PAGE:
Where This Meets That
Every time I get together with my old MBA cronies, they rankle me over a low grade I received once on a finance paper.
Last week, I met with them again and once again faced their ridicule, scraping anew the scab off the old scar. So, instead of “playing” with words today, I’m going on record to exorcise this past demon and hopefully help some of my readers to avoid this dire pitfall in their own lives.
See, the paper was a group project, and finance wasn’t my strong suit. I had assured my group that my strongest input would come in writing and “wordsmithing” the paper, so they entrusted me with that responsibility.
Our resulting grade flattened us all. Worse for me, the single largest component of our, ahem, “missing” points was that my writing included a “split infinitive”. It alone cost us a letter grade.
Now, as an English major, I had long since learned to avoid comma splices, run on sentences, and the like. Each of those was good for a letter grade from the moment I first stepped into a college classroom. But a “split infinitive”?
I immediately followed up with the dean of my undergrad English department. He said that technically “Mr. Finance Big-Britches” (my words) was correct but that the rule was generally considered archaic and that I should simply navigate the rest of my time with that professor accordingly.
So, what is a “split infinitive”? Anyone who has ever seen the original Star Trek television series has heard Captain Kirk’s famous opening monologue in which he declares their mission, “to boldly go where no man has gone before.” Well, “to go” is the infinitive, and splitting the words by adding the adverb “boldly” results in a split infinitive.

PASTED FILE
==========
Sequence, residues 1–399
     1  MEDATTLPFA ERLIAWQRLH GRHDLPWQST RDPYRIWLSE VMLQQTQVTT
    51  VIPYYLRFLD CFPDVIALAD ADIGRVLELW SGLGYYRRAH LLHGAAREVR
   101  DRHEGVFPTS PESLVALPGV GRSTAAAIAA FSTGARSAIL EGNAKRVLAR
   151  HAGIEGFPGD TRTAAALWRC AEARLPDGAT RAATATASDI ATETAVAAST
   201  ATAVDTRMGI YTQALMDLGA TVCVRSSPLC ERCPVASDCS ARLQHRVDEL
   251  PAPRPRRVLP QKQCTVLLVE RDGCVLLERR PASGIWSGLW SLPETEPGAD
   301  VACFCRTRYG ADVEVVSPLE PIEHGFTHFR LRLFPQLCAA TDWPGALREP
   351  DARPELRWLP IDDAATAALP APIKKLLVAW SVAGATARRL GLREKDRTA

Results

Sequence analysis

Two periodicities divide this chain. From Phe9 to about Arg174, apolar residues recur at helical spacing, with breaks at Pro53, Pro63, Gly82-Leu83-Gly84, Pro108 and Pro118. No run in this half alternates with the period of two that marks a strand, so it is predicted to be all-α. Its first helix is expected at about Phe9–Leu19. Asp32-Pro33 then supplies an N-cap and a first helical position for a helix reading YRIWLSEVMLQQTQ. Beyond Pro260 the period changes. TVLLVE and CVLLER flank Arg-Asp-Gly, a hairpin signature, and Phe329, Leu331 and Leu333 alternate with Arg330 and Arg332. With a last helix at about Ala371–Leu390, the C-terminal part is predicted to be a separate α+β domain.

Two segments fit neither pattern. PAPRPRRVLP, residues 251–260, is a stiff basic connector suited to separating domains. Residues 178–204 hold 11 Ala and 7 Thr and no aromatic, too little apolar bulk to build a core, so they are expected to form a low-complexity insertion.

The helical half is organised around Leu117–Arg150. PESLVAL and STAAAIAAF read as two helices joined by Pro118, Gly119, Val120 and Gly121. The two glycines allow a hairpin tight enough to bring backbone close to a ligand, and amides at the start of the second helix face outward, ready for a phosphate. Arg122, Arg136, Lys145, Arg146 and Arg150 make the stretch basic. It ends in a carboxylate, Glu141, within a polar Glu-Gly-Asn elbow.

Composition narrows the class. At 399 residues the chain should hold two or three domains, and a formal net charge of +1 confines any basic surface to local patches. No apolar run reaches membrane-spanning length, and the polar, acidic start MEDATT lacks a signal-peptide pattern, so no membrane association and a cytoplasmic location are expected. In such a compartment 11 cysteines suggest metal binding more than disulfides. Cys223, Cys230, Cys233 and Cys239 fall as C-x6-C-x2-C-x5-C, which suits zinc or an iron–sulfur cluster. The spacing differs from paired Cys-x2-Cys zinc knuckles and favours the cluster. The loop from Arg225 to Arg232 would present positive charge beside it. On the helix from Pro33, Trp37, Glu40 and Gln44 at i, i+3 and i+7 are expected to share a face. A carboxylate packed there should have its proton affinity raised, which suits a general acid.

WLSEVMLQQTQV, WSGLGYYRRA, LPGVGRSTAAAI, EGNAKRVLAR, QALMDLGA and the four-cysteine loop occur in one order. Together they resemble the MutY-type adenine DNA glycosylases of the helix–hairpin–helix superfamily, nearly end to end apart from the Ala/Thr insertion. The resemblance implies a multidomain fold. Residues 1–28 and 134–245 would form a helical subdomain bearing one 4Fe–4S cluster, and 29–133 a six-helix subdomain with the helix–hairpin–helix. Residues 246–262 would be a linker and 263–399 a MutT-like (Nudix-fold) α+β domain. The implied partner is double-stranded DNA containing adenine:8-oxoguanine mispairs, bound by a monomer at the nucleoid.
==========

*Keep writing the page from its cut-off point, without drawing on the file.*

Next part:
The premise of the faulty “rule” derives from a prescriptive notion of language rather than a descriptive one. In Latin, infinitive forms of verbs are packaged in a single word (i.e., “amare” means “to love”); thus, to “split” the infinitive would amount to changing the word altogether. In English, however, an infinitive (technically, a “full infinitive”) is two words, and failing to split them can change the intended meaning of a sentence.
Oxford Dictionaries Online demonstrates with the sentence, “You have to really watch him,” noting that the technically “correct” rephrasing, “You really have to watch him” doesn’t carry the exact same meaning; the former means, “You have to watch him very closely,” while the latter means, “It’s very important that you watch him.”
So, now you know.
What burns me still today is that this wasn’t even an English paper but a finance one. Since I proceeded “to quickly burn” the finance paper after agreeing to disagree, I don’t remember the exact wording that drew our penalty, but I can say that I was never again penalized for a split infinitive during my graduate coursework!